Latest Comments by remoteareanurse

remoteareanurse 1,340 Views

Joined: Mar 11, '11; Posts: 14 (64% Liked) ; Likes: 68

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  • 1
    cherryames1949 likes this.

    Here's a perfect example of what I'm talking about. I'm currently relieving in the med centre in a small mining town. The other day a family presented with their three year old daughter who had a UTI and was commenced on Triprim. She then developed a generalised rash, the most bloodshot eyes I've ever seen, uncontrollable vomiting and was sleepy and lethargic to the point that she was really hard to rouse. She was floppy like a rag doll. After a phone consult with the Flying Doctor (we have no doctor here) the decision was made to transfer her by ambulance to the nearest largish hospital, 2 hours away by road. I took the attendant role, in the back of the ambulance with the child and her Mum and was so seriously concerned about this kid that I took the time to work out and record all the emergency drug doses I'd need if she crashed, and an intraosseous cannula just in case (she was peripherally shut down and we knew we had no chance of getting an IV in.)
    Spent the whole trip watching and monitoring the child like a hawk, while at the same time trying to project a cheerful, competent and unconcerned attitude to the Mum who was naturally **** scared.
    Next morning rang the hospital who said they'd decided it was a severe allergic reaction to the Triprim although she'd had several previous courses of it with no ill effects, and that they'd treated her with Prednisolone and she was much better.
    Day after that, into the clinic bounces a little ball of manic energy who flings her arms around my neck, gives me a big kiss and says "You're the lovely nurse who looked after me in the big bus and I'm all better now! I've brought you a present!" and hands over a HUGE Cadbury's easter egg and chocolates. Her Mum then gave me the biggest hug and said "I could never have coped with that night without you. Every time I felt on the verge of panic I just looked at you all calm and smiling and just KNEW you weren't going to let anything bad happen."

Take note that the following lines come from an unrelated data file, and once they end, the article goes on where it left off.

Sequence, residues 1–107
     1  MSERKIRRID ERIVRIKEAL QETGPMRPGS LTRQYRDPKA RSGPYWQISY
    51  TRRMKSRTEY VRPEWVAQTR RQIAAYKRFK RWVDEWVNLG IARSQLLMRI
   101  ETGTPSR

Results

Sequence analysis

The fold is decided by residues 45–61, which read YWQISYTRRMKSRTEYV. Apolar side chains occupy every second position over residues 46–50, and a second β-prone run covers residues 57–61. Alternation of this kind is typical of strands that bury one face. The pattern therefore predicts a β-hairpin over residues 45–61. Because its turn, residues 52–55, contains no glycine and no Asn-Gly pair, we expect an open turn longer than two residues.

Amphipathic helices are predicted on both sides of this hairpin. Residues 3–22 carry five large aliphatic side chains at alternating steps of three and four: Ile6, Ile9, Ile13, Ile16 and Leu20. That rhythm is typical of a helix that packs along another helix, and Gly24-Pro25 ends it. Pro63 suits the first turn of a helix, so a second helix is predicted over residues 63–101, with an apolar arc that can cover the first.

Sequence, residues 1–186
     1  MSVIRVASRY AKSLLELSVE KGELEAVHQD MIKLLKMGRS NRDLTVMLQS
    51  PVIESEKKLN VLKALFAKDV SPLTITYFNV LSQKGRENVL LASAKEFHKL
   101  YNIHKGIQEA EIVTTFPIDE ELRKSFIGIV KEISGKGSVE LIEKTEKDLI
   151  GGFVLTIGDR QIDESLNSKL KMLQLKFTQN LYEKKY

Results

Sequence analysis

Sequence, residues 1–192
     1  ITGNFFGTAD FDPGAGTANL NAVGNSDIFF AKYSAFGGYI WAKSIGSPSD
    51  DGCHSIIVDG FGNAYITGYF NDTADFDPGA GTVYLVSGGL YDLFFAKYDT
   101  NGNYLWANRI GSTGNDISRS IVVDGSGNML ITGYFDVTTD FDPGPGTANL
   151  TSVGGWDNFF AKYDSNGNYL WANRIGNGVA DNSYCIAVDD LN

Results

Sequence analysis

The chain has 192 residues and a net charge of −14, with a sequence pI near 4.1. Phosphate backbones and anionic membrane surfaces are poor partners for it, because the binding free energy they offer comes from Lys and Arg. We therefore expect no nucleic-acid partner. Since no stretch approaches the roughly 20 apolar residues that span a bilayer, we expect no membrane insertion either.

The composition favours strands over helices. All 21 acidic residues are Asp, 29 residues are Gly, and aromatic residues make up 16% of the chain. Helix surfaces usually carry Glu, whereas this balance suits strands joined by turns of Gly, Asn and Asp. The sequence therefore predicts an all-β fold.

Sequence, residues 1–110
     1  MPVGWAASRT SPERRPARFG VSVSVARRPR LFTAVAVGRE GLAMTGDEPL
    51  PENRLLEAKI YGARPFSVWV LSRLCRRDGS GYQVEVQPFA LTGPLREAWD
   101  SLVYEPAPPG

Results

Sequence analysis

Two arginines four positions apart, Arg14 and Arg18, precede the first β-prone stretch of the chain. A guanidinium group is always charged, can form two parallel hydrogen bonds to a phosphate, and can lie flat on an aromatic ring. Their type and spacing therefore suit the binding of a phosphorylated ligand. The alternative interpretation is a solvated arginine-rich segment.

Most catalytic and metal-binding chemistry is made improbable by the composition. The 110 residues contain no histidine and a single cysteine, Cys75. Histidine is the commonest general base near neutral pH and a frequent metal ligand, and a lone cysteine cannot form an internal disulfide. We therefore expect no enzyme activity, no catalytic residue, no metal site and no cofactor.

So there it is folks- the reason we put up with all the other crappy stuff- moments like those.

  • 8

    Here's the two I most often have to bite my tongue on:
    1. Are you familiar with the concept of karma? Because if I were you, I'd be really worried that when I get old and sick I'll end up with YOU for my nurse.
    2. Being a professional means that no matter what else is going on in your life, when you walk onto this ward you pin a believable smile on your face and do NOT take out your mood on your patients or co-workers.

  • 8
    PrayeRNurse, annlewis, silverbat, and 5 others like this.

    I think that's really sad that you feel like that Weebee. And I don't agree with classifying interactions with patients as socialising, its an important part of providing wholistic care. Every patient intervention is an opportunity for a significant interaction. Some of the most important things I've learned about my patients have been while showering, doing a dressing, taking blood or administering meds. Yes, we are all really busy, always, thats the nature of the beast, but my point was that, for me, the rewards make it all worthwhile. I really hope you can come to find those rewards, because working life would be miserable otherwise, I don't think I could do it.

  • 11

    In the mid 1980's, while working in a small, remote hospital, the three most senior nurses carried pagers when off duty because the hospital was so small that there was only 1 RN and 1 EN per shift, so if there was an emergency extra hands would be required.
    One evening I was just starting to cook tea when my pager went off. I rang the hospital and was told there was a cardiac arrest in Casualty.I told Mark, my husband, that he had to drive me to the hospital quickly, and explained why.
    Right in the middle of an exhausting rescuscitation someone answered the phone and called out to me that Mark was on the line and needed to speak to me. We all paused momentarily, and everyone looked at me. They told me later that I instantly went white as a sheet. What on earth could be so important that Mark would ring me in the middle of a cardiac arrest? It had to be one of the kids. Oh my god, something REALLY bad has happened to one of the kids. Someone grabbed the vent bag out of my hands and said "Go- quickly!"
    I flew to the phone. "What is it?" I quavered.
    "Well, I was just wondering", said Mark. "Did you want those carrots cut into little sticks, or little circles?".
    He got quite offended that I hung up on him.

  • 3
    funnynurse, nursel56, and umcRN like this.

    I had such a chuckle reading the replies above.
    Paeds can be really challenging, usually because of the parents, and its easy to become a bit jaded and cynical, as you can see from these very experienced paed nurses above. I'll just bet they're all fantastic nurses, and I equally bet they don't let that cynicism show at work (they're actually big soft marshmallows who will always go the extra mile for the kids and their patients.)
    It is really easy to get offended/judgmental/frustrated with parents/caregivers. We are nursing them as much as we are the kids. Just step back from the situation and think about the following factors: